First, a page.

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Making a Mysql database backup with Mysqldump

A database is an elementary apart in the management of information within a company and is a vital component in information systems. Therefore, it is necessary to carry out operations that guarantee its optimal functioning. However, many times problems can occur that affect these data, so it is important to make constant backups of the database. If you use MySQL you will be able to do it without problems with mysqldump.

The mysqldump client utility performs logical backups, producing a set of SQL statements that can be executed to reproduce the original database object definitions and table data. It dumps one or more MySQL databases for backup or transfers to another SQL server.

Basic use of Mysqldump

The tool is a simple tool in its use but powerful for the possibilities and flexibility it offers you. Making a backup with mysqldump is really easy. I will show you:

  • Back up a single database:

This is the most basic form of use that mysqldump has. Thanks to this, I will backup a single database. Open a terminal and Run:

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:~# mysqldump -u root -p database > output.sql

1.-Back up a single database
1.-Back up a single database with mysqldump

Please replace the name of the database with yours and output.sql with the name you want.

  • Make a backup of all databases:

But in some cases, I need to perform a Backup of all databases. To do this, run:

:~# mysqldump -u root -p --all-databases > output.sql

2.- Making a backup of all databases
2.- Making a full backup with mysqldump

Don’t forget to replace output with the name you want for your backup.

  • Back up multiple databases

And at other times, I need to perform backups of certain databases.

:~# mysqldump -u root -p --databases database1 database2 > output.sql

3.- Makiing a backup with mysqldump of some databases
3.- Making a backup with mysqldump of some databases

Again, I remind you to replace the data.

Common mysqldump options

There are many options to modify the execution of mysqldump, however, you can access them through the terminal

:~# mysqldump --help

4.- Showing mysqldump help
4.- Showing mysqldump help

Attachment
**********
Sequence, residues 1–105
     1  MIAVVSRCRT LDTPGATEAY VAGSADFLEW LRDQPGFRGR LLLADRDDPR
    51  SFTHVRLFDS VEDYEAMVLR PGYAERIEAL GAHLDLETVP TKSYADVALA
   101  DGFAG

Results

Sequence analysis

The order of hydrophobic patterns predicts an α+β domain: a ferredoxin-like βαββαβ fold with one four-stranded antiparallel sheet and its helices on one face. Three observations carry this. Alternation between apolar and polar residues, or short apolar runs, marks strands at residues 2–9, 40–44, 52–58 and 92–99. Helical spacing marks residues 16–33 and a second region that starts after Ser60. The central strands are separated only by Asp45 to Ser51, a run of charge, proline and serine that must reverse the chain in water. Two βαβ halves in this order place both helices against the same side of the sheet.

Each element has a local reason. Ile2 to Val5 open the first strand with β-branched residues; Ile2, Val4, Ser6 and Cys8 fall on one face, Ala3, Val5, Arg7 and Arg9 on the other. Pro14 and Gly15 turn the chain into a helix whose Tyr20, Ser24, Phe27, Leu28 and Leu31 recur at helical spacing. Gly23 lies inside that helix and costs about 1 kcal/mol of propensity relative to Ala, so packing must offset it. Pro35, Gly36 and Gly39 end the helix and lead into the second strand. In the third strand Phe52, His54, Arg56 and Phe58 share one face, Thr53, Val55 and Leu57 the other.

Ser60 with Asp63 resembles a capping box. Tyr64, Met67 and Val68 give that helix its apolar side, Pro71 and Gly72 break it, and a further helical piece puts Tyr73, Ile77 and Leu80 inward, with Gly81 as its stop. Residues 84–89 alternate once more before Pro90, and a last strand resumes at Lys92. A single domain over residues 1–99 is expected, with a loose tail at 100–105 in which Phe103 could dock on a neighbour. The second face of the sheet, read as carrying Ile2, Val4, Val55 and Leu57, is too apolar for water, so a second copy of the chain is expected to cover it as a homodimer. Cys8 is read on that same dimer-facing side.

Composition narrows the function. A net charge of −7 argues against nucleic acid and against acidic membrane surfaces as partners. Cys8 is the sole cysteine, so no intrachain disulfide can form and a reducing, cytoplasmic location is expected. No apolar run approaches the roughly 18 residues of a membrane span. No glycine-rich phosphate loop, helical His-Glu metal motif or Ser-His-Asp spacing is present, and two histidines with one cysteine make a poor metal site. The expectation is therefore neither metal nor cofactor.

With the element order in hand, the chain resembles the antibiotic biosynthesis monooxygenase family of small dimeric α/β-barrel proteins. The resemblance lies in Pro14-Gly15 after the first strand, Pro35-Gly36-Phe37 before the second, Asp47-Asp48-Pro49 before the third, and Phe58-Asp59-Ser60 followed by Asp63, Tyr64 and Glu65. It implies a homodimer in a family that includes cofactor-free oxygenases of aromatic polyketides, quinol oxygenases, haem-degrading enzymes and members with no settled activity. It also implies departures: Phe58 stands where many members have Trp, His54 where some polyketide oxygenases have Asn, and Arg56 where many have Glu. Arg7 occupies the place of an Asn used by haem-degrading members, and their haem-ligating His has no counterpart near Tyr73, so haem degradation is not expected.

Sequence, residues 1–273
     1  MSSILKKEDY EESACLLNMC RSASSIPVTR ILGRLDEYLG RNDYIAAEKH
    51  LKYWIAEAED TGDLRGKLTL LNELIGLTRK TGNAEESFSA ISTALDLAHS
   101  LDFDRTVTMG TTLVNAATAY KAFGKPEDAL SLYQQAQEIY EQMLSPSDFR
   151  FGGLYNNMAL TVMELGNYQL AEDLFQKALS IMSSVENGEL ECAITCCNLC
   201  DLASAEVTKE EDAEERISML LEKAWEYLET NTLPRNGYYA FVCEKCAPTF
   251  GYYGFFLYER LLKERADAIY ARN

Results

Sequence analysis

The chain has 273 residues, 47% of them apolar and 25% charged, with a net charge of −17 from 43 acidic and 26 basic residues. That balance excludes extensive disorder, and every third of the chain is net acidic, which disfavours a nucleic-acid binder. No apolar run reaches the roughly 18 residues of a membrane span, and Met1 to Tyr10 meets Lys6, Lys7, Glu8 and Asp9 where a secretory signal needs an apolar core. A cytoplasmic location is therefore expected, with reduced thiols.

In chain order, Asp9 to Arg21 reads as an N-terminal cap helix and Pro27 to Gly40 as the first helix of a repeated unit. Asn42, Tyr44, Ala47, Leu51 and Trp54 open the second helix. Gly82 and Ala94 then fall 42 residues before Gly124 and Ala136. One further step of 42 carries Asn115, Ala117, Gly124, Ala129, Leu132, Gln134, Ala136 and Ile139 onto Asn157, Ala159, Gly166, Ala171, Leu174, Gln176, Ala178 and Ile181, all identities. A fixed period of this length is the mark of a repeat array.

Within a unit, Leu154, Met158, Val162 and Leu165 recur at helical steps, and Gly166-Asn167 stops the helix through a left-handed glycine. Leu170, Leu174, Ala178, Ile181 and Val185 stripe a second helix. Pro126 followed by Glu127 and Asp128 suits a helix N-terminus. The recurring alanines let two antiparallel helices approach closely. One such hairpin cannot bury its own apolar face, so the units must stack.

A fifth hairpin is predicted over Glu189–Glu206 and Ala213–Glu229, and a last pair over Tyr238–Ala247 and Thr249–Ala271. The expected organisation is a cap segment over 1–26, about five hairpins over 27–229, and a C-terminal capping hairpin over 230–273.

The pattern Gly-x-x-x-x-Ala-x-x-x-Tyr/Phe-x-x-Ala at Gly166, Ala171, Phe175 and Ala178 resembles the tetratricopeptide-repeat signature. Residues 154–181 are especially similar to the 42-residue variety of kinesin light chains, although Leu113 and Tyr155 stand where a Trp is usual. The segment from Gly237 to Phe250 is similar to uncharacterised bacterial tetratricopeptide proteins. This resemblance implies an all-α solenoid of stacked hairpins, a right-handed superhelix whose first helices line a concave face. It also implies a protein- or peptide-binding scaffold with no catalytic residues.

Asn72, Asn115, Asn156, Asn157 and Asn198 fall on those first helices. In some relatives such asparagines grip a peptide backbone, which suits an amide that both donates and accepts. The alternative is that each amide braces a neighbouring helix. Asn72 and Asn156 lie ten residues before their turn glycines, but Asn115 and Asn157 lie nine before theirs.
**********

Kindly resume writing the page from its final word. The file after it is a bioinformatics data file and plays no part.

Here, I’ll show them to you with a brief description:

–compatible=nameChange the dump to be compatible with a given mode. By default tables are dumped in a format optimized for MySQL

mysqldump options
Option Description
-A, –all-databases Dump all the databases
-Y, –all-tablespaces Dump all the tablespaces
-y, –no-tablespaces Do not dump any tablespace information
–add-drop-database Add a DROP DATABASE before each create.
–add-drop-table Add a DROP TABLE before each create.
-c, –complete-insert Use complete insert statements
-C, –compress Use compression in server/client protocol
-B, –databases Dump several databases
-E, –events Dump events
-F, –flush-logs Flush logs file in server before starting dump
–flush-privileges Emit a FLUSH PRIVILEGES statement after dumping the mysql database
-f, –force Continue even if we get an SQL error
-h, –host=name Connect to host
–ignore-table-name Do not dump the specified table
-p, –password[=name] Password to use when connecting to server
-P, –port=# Port number to use for connection
–ssl Enable SSL for connection
-u, –user=name User for login if not current user
-v, –verbose Print info about the various stages.


Of course, there are other options, but their use is less frequent.

As I said, mysqldump is a wonder and also allows you to compress the backup using gzip.

:~#  mysqldump -u root -p --all-databases | gzip > backup.sql.gz

5.- A backup with mysqldump using gzip
5.- A backup with mysqldump using gzip

Or, connect to a host:

:~# mysqldump -h IP -u root -p --routines --all-databases  > output.sql

6.- Connecting to a host to making a backup
6.- Connecting to a host to making a backup

Restore a backup

If the backup contains only one database and does not contain ‘drop database’ and ‘create database’ statements, then the database where the restoration should be performed can be indicated:

:~# mysql -u root -p  database < backup.sql

7.- Restoring a backup
7.- Restoring a backup

Or, if the backup is total, you can restore it as follows:

:~# mysql -u root -p < backup.sql

8.- Restoring a full backup
8.- Restoring a full backup

As you can see making a backup with mysqldump is really simple but at the same time is very important so I recommend you to further examine the options for you to get the most out of this tool.

We want to know your opinion, have you used mysqldump? What is your favorite option?

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